Polymorphisms of Estrogen Metabolism-Related Genes and Prostate Cancer Risk in Two Populations of African Ancestry

Abstract : BACKGROUND: Estrogens are thought to play a critical role in prostate carcinogenesis. It has been suggested that polymorphisms of genes encoding enzymes involved in estrogen metabolism are risk factors for prostate cancer. However, few studies have been performed on populations of African ancestry, which are known to have a high risk of prostate cancer. OBJECTIVE: We investigated whether functional polymorphisms of CYP17, CYP19, CYP1B1, COMT and UGT1A1 affected the risk of prostate cancer in two different populations of African ancestry. METHODS: In Guadeloupe (French West Indies), we compared 498 prostate cancer patients and 565 control subjects. In Kinshasa (Democratic Republic of Congo), 162 prostate cancer patients were compared with 144 controls. Gene polymorphisms were determined by the SNaPshot technique or short tandem repeat PCR analysis. Logistic regression was used to estimate adjusted odds ratios (OR) and 95% confidence intervals (CI). RESULTS: The AA genotype and the A allele of rs4680 (COMT) appeared to be inversely associated with the risk of prostate cancer in adjusted models for both Afro-Caribbean and native African men. For the A allele, a significant inverse association was observed among cases with low-grade Gleason scores and localized clinical stage, in both populations. CONCLUSIONS: These preliminary results support the hypothesis that polymorphisms of genes encoding enzymes involved in estrogen metabolism may modulate the risk of prostate cancer in populations of African ancestry.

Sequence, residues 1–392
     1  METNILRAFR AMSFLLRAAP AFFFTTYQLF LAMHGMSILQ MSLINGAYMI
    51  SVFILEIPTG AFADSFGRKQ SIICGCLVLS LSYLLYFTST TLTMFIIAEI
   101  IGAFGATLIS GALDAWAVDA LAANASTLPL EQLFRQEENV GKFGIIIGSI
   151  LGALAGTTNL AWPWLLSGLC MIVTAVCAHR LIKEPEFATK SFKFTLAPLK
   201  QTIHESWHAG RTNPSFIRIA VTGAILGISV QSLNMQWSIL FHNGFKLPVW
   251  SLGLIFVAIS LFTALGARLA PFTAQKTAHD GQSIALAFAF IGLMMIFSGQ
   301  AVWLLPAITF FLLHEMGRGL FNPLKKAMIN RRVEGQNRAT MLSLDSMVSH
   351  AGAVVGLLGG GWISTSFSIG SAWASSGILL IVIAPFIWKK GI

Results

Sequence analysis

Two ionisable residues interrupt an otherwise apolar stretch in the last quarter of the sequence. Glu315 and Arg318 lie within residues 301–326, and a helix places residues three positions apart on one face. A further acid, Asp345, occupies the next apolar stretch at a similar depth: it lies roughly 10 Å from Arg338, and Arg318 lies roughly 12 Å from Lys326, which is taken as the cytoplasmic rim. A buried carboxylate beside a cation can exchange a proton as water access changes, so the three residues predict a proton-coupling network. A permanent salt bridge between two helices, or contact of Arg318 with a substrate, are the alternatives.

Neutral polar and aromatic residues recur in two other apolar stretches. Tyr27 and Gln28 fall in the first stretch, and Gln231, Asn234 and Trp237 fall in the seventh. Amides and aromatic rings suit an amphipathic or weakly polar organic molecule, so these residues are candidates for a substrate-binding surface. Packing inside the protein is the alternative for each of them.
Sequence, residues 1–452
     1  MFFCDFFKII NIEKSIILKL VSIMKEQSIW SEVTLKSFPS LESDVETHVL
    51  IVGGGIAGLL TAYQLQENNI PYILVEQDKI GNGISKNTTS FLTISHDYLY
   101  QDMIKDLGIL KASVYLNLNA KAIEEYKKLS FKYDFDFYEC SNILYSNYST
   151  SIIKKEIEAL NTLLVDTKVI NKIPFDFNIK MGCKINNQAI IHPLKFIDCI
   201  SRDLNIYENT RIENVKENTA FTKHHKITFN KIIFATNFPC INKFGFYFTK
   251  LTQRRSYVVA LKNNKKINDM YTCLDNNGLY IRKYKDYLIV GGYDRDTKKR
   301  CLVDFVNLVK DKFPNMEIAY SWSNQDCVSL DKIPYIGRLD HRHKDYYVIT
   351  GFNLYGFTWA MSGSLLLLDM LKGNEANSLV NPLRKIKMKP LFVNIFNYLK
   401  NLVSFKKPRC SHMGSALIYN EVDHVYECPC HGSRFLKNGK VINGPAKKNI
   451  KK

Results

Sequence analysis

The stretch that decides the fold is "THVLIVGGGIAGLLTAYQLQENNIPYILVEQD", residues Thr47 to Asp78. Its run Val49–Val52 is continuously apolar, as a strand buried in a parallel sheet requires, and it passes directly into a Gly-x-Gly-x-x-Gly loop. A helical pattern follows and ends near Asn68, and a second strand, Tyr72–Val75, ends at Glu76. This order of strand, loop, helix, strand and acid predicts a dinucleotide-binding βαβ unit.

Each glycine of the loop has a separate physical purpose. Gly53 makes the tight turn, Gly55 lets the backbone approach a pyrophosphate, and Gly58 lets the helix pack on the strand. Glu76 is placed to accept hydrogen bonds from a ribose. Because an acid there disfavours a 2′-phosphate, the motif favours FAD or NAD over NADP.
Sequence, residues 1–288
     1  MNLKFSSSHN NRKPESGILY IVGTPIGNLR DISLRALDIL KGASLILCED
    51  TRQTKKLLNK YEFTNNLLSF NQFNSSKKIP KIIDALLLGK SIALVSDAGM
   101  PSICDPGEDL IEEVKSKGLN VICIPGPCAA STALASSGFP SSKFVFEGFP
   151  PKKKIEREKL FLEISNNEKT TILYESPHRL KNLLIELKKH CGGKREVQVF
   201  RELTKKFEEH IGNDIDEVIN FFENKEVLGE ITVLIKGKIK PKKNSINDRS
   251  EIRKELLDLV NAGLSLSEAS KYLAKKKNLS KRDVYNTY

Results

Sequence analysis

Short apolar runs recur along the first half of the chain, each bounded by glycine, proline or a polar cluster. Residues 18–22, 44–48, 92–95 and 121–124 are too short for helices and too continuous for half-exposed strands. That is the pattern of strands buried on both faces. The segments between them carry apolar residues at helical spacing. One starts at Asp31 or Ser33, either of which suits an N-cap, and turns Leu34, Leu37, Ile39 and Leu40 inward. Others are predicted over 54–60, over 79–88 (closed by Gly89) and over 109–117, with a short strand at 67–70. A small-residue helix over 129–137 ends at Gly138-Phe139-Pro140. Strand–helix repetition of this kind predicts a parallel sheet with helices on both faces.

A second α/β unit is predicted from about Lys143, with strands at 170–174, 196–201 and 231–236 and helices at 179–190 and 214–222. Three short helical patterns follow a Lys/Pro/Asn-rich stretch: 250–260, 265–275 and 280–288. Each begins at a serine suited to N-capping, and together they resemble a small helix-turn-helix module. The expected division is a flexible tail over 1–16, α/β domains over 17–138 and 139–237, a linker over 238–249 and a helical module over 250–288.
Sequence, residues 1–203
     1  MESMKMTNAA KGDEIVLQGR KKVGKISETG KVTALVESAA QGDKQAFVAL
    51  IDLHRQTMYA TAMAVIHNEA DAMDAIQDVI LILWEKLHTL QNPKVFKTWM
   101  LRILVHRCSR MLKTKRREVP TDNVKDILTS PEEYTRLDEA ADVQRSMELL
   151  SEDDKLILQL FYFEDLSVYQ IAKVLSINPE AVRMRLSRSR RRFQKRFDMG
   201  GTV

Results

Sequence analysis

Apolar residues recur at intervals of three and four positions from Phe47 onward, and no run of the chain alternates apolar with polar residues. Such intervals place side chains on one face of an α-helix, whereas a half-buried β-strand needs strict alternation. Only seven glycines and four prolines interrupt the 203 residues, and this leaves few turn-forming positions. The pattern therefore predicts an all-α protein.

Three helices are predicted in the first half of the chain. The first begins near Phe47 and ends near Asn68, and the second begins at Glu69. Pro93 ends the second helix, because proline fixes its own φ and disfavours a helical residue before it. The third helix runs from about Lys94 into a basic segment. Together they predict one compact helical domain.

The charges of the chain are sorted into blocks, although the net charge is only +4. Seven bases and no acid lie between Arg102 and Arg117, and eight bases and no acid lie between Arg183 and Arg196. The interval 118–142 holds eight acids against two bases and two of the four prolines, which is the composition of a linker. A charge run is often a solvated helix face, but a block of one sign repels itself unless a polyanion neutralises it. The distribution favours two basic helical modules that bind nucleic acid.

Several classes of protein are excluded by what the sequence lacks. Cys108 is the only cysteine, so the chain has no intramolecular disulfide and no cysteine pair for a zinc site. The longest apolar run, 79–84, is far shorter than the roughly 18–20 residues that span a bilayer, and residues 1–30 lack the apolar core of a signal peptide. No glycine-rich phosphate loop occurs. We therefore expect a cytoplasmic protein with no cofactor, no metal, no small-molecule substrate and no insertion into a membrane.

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Laurent Brureau, Dieudonné Moningo, Elise Emeville, Séverine Ferdinand, Augustin Punga, et al.. Polymorphisms of Estrogen Metabolism-Related Genes and Prostate Cancer Risk in Two Populations of African Ancestry. PLoS ONE, Public Library of Science, 2016, 11 (4), pp.e0153609. ⟨10.1371/journal.pone.0153609⟩. ⟨hal-01668333⟩

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